There have been a few cases like this when I ended up leaving the store without what I was there to buy since I didn’t have any cash.  It’s never been a big deal, just kind of inconvenient.  However, if you were overseas and counting on your credit card to work – but then weren’t able to use it – that could be a big problem.  So, if you are traveling to Europe, make sure to bring some extra cash along in case you encounter a place that only takes Chip and PIN.

Has anyone else experienced issues using their credit cards overseas?  Is so be sure to share what you learned in the comment section.  Finally, here are some personal finance articles from this week that you might want to check out.

Personal Finance



Thanks to Funny About Money and Money Beagle for including my posts in the Carnival of Personal Finance. Also to Kay Bell for including Online Brokerages Tax Software & Training in the latest Carnival of Taxes!


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Ben Edwards, the founder of Money Smart Life, saved up enough to buy a Nintendo back when he was 12 years old. When he used the money to buy shares of Wal-Mart stock instead, he knew he wasn't like the other kids... His addiction to personal finance has paid off for his family and now he's helping you to afford the life that you want. Check him out on the web at Google Plus, Twitter and Facebook.

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3 Responses to Using Credit Cards Overseas Roundup

  • Ken


    This is not just Europe. In fact, the US is the lone standout in its steadfast reluctance to move over to the Chip & PIN standard. Canada made the switch last year and are planning to ban the use of mag-stripes by next year. Mexico the same. Brazil, India, Nigeria, Japan, China, Hong Kong, you name it, they’re all making the switch.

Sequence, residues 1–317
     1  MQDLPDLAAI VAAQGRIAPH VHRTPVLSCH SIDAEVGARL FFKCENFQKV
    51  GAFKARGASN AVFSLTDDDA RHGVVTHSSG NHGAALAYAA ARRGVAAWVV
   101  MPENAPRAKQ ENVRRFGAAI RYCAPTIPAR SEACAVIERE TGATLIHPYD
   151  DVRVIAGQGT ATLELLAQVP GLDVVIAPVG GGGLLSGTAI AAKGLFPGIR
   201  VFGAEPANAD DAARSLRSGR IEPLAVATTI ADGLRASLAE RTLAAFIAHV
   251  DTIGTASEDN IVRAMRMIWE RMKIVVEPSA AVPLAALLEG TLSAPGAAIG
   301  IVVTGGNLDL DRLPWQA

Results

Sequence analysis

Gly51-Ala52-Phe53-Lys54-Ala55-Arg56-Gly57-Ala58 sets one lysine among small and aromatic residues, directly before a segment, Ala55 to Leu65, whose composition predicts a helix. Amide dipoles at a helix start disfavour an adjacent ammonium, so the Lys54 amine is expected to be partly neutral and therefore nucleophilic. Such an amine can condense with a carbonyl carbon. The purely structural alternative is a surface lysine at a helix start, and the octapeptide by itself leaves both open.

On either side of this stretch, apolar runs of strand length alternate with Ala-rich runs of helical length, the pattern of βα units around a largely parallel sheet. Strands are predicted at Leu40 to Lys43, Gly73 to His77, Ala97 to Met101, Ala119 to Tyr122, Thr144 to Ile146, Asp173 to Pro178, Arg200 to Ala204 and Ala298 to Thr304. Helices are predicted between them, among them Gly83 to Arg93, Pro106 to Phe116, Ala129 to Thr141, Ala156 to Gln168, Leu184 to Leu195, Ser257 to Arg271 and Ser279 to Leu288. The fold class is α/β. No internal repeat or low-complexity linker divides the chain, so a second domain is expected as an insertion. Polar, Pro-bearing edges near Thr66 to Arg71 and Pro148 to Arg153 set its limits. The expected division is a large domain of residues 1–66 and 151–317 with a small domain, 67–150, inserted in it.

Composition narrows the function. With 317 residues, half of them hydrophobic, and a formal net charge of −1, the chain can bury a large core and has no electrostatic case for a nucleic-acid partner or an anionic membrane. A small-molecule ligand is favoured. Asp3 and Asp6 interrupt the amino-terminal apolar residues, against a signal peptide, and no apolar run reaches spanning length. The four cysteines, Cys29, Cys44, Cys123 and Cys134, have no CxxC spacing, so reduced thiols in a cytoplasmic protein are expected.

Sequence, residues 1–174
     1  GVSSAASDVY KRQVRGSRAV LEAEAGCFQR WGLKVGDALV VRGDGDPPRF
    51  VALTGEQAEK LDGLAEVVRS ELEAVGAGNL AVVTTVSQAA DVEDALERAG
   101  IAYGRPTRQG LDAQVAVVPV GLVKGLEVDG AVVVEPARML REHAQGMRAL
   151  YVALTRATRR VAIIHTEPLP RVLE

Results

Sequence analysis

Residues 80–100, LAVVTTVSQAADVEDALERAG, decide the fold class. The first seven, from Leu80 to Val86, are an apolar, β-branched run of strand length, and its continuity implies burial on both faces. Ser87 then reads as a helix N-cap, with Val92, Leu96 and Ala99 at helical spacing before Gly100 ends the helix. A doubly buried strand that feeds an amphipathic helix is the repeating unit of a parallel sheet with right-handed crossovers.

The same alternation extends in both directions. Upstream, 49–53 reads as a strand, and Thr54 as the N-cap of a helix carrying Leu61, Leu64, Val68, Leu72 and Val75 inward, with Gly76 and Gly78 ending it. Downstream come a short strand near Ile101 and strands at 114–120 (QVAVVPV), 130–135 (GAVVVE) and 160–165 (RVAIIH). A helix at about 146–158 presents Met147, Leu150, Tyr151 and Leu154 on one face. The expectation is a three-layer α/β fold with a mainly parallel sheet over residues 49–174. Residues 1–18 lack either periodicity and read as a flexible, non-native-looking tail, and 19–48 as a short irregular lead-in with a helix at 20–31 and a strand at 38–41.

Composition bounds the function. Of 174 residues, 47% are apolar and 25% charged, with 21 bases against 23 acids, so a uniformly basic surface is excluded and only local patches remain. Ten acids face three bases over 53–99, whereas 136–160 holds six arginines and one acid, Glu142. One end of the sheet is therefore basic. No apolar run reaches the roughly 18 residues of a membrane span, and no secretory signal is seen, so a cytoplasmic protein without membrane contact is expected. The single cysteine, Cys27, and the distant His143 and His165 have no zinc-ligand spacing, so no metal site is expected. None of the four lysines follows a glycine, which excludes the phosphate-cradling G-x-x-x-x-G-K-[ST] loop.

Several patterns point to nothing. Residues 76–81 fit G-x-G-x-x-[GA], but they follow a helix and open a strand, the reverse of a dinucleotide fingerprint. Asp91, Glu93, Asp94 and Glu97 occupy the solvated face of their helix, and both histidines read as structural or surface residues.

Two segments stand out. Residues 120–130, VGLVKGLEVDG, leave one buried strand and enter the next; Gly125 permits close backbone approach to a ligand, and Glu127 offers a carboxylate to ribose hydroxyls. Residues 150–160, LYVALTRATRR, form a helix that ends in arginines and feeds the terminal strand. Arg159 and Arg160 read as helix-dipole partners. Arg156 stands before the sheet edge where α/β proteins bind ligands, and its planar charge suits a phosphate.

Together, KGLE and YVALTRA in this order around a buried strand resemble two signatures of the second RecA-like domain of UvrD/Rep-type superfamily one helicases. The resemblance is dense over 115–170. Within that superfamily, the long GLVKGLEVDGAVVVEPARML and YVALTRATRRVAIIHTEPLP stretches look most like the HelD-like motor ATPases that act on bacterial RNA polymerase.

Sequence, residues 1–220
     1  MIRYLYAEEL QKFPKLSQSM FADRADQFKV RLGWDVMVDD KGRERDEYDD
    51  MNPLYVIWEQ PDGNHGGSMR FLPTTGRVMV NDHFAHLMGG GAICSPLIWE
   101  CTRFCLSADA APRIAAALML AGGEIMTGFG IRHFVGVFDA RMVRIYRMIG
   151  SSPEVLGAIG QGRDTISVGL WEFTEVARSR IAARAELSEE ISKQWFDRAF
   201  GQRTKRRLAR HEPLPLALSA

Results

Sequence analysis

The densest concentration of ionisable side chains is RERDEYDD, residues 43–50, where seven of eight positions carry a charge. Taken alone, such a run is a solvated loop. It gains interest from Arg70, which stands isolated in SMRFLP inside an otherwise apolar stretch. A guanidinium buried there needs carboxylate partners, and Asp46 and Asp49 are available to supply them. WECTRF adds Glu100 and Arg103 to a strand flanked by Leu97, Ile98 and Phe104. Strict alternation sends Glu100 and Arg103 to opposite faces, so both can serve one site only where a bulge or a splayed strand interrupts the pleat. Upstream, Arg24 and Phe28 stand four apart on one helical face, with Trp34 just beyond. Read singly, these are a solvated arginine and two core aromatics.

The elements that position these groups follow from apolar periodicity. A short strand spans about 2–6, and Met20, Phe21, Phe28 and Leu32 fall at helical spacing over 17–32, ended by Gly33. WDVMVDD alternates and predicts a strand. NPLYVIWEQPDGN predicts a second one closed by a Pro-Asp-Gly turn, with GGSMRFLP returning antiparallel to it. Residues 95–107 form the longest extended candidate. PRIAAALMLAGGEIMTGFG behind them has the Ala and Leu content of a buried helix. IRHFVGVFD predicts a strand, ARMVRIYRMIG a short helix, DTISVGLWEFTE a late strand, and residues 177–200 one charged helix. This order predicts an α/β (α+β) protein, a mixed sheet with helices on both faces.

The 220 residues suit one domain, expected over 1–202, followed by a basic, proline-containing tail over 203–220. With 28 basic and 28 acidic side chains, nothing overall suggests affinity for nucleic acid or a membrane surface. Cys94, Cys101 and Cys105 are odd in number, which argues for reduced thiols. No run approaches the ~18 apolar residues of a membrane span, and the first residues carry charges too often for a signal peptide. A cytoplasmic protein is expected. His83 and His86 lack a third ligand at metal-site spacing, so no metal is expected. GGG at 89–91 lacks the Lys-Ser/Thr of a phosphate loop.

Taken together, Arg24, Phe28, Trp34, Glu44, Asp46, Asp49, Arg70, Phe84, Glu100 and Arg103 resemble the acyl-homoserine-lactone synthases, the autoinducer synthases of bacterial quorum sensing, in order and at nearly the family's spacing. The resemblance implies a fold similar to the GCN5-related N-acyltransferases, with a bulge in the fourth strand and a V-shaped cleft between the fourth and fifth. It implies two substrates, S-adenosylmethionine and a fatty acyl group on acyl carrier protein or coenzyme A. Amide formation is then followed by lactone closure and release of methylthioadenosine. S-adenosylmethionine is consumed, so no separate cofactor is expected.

The mag-stripe on our cards are based on fifty year old technology that by today’s standards is ancient. Any crook with $300 worth of equipment off of eBay can make a perfect clone of your card without you ever knowing it. These card skimming frauds has been on the rise in many places in the world that it caused headaches for everyone so they began moving over to the Chip & PIN standard. These Chip & PIN cards still retain the mag-stripe as you have people from those countries visiting the US which still relies on the swipe and sign, but they’d like to get rid of it altogether because it’s too much of a risk. But at least they have two ways to pay: swipe and sign in the US or Chip & PIN in their countries on the same card. Americans don’t have that option as banks in the US only issue cards that have the mag-stripe only so we get screwed in when we travel abroad.

    • Ben

      @Ken, I didn’t realize it was an international change that only the US has avoided, thanks for pointing that out. Sounds like having a card with both a mag-stripe and Chip & Pin would be a good option right now.

  • Joe Plemon

    Thanks for the mention! Greatly appreciated.